A blog dedicated to providing quotes by and posts relating to one of the most influential (and quotable!) authors of the twentieth century, G.K. Chesterton (1874-1936). If you do not know much about GKC, I suggest visiting the webpage of the American Chesterton Society as well as this wonderful Chesterton Facebook Page by a fellow Chestertonian

I also have created a list detailing examples of the influence of Chesterton if you are interested, that I work on from time to time.

(Moreover, for a list of short GKC quotes, I have created one here, citing the sources)

"...Stevenson had found that the secret of life lies in laughter and humility."

-Heretics (1905)

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"The Speaker" Articles

A book I published containing 112 pieces Chesterton wrote for the newspaper "The Speaker" at the beginning of his career.

They are also available for free electronically on another blog of mine here, if you wish to read them that way.




Monday, July 11, 2011

"But when men come face to face with war they are a little more ready for war- and a little less fond of it."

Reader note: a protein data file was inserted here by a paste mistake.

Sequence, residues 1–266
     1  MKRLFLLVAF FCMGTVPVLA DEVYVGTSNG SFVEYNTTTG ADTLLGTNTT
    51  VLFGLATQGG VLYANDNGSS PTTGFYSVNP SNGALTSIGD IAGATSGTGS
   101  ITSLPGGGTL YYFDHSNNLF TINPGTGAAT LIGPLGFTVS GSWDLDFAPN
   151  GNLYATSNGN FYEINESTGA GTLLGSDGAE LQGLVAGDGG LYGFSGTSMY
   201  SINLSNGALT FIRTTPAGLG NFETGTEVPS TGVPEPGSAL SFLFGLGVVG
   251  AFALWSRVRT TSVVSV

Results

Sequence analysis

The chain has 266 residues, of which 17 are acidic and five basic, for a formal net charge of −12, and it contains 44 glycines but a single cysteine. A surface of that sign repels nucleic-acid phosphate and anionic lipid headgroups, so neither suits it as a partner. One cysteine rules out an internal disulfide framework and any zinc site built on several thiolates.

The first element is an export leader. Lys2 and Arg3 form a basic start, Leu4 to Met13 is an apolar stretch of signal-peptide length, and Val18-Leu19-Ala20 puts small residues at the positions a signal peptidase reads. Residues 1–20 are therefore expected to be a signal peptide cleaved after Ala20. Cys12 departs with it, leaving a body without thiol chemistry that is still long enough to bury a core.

DR. PAUL: What on earth is the matter?

THE COLONEL:The infernal dogs! The damned-

MR. DESMOND [springing]: What do you mean? [looks over his shoulder] "Outrage by Russians on the Dogger Bank. British fishing-smack sunk!" Why, great God, Bartram, it's war! This is horrible!

THE COLONEL: Why I thought, Desmond, that war was a delightful game and Donnybrook-

MR. DESMOND: Don't play the fool. This is serious. I suppose we can avoid war, but-

DR. PAUL: It looks frightfully bad. If they deliberately fired on an English boat, how can we-

THE COLONEL: I thought, Doctor, that war was a crime everywhere and always?

DR. PAUL [furiously]: Oh, this is serious, my man.

THE COLONEL: Yes, and that is more, I think, than your theories were. That war is always jolly is a nice little theory. That war is always wicked is a nice little theory. But when men come face to face with war they are a little more ready for war- and a little less fond of it.

-Time's Abstract and Brief Chronicle (1904-1905)

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